.visuallyhidden {
    border: 0;
    clip: rect(0 0 0 0);
    height: 1px;
    margin: -1px;
    overflow: hidden;
    padding: 0;
    position: absolute;
    width: 1px;
}

With this class in our CSS, we can change markup like this:

<a href="path/to/somewhere/over/the/rainbow">Click here</a>

into

<a href="path/to/somewhere/over/the/rainbow">Click here <span class="visuallyhidden">to go far away from Kansas</span></a>

With this simple change, people that don’t use ATs will continue to see the links as they were before. On the other hand, AT users (especially those using a screen reader) will have the software listing (or reading) “Click here to go far away from Kansas”. This will give them much more information about the link.

3. Use the tabindex Attribute

When developing a website, it may happen to have more than one element pointing to the same URL. Let’s take as an example the homepage of an online store selling books where we have a list of several books. For each of them we have the title, the cover, the description with a remainder of the book’s title, and a call to action (typically a “Buy now” button). Usually each of these elements links to the book’s page on the store.

For a user that relies on the TAB key to navigate web pages, as is the case for many people with disabilities, this situation can be very frustrating. In fact, for each of the books on the homepage the user has to tab four times to move to the next book. Now, what if a customer is interested in the tenth book? Our dear customer has to press the tab key 37 times! This calculation also assumes there aren’t other links before the list. You can see why this would be annoying.

To solve this problem we can make use of the tabindex attribute. When the value of this attribute is set to -1, the element is removed from the default navigation flow. What this means is that the element cannot be focused using the tab key, but it can be focused programmatically.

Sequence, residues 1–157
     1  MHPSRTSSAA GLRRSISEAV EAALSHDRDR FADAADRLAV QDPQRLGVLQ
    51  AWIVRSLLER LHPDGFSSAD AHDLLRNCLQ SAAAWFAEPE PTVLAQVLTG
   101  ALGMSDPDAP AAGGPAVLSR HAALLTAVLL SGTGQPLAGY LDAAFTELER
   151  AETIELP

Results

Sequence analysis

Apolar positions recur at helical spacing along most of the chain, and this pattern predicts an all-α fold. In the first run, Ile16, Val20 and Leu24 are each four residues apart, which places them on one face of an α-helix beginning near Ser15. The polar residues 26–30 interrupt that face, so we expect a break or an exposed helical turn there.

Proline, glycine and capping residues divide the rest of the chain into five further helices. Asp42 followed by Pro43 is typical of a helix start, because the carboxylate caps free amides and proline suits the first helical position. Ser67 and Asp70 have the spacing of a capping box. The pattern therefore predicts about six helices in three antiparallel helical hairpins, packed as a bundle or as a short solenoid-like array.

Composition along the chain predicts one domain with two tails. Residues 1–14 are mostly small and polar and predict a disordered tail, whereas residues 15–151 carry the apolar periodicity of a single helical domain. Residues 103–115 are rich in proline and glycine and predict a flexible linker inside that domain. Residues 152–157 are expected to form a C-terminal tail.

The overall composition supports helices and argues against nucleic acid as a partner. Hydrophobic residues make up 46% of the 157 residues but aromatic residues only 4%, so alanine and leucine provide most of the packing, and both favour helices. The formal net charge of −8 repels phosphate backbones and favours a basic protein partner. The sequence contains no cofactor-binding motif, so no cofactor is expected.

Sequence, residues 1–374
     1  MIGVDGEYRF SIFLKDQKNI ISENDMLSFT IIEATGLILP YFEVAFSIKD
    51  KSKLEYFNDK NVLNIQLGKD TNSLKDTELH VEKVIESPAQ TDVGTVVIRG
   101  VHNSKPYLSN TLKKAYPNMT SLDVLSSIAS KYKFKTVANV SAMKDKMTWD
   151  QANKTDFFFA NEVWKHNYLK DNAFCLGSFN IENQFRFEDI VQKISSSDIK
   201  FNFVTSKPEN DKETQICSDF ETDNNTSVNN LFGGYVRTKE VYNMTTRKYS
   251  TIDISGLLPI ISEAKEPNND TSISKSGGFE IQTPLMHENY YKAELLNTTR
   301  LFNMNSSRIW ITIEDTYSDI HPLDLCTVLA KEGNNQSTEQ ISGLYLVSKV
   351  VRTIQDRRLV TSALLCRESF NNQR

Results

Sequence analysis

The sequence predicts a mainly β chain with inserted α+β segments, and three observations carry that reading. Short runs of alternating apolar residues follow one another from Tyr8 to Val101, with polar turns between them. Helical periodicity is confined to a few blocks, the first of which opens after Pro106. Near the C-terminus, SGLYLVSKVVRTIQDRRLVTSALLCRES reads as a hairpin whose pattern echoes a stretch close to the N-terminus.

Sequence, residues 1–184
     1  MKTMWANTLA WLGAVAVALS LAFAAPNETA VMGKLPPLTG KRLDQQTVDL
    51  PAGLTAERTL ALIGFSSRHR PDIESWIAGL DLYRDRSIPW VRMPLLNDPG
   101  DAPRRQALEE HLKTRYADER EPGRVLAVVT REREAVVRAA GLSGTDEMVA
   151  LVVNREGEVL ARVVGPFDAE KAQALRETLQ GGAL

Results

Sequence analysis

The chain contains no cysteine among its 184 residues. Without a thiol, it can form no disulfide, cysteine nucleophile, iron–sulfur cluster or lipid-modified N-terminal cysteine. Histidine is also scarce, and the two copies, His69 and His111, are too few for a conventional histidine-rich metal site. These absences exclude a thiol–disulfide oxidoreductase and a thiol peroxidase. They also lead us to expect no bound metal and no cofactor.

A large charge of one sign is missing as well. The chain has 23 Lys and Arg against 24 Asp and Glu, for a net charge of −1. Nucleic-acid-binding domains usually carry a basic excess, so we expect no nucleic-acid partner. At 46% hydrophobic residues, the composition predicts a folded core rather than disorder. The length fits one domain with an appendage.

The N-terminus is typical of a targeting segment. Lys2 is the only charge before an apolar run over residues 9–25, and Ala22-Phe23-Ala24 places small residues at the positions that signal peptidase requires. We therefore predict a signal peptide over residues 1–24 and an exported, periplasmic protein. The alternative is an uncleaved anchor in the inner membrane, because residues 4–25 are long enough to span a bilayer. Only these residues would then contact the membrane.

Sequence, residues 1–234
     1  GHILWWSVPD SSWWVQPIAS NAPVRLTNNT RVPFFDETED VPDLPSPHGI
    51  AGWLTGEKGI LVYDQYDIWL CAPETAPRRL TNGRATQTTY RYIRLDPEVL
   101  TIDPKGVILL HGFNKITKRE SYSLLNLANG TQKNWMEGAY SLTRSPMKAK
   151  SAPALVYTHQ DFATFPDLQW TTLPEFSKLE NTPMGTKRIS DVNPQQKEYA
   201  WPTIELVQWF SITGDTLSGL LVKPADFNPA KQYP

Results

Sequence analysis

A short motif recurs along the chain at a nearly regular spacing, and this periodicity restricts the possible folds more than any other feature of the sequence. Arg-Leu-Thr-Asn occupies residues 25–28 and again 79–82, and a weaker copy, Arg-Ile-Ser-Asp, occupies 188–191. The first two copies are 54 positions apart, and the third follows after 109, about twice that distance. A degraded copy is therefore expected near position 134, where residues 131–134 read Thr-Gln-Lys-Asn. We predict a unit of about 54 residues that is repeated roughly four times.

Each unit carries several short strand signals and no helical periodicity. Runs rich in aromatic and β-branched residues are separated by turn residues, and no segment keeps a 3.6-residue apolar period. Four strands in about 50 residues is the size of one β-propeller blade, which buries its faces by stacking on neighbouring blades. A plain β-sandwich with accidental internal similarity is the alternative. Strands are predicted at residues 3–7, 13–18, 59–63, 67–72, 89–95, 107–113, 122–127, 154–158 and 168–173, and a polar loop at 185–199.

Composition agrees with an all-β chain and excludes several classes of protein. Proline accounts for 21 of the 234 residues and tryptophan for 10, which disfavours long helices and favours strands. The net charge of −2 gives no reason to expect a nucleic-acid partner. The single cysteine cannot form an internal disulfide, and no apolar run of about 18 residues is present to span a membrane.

So, let’s say we have markup like the following:

<article>
    <a href="/book-page"><h2>jQuery in Action, Third Edition</h2></a>
    <a href="/book-page"><img src="book-cover.jpg" alt="" /></a>
    <p>
        <a href="/book-page">jQuery in Action, Third Edition</a> is a fast-paced complete guide to jQuery.
        <a href="/book-page">Buy now!</a>
    </p>
</article>

We can improve the experience of tab key users by employing the tabindex attribute, as shown below:

<article>
    <a href="/book-page" tabindex="-1"><h2>jQuery in Action, Third Edition</h2></a>
    <a href="/book-page" tabindex="-1"><img src="book-cover.jpg" alt="" /></a>
    <p>
        <a href="/book-page" tabindex="-1">jQuery in Action, Third Edition</a> is a fast-paced complete guide to jQuery.
        <a href="/book-page">Buy now <span class="visuallyhidden">jQuery in Action, Third Edition</span>!</a>
    </p>
</article>

In the code above we’ve set a tabindex attribute on all the links except the “Buy now” link. Doing so, AT users will focus a link only once per book while non-AT users will still be able to land on the book’s page by clicking on any of the links.

In addition, AT users are still able to skip directly to the section of interest because the title remains accessible using the tab key to navigate through headings (<h1>-<h6>). Oh, and did you notice that we’ve also improved the text of the link using the technique discussed in the previous point?

4. Accessibility Doesn’t Mean JavaScript is Turned Off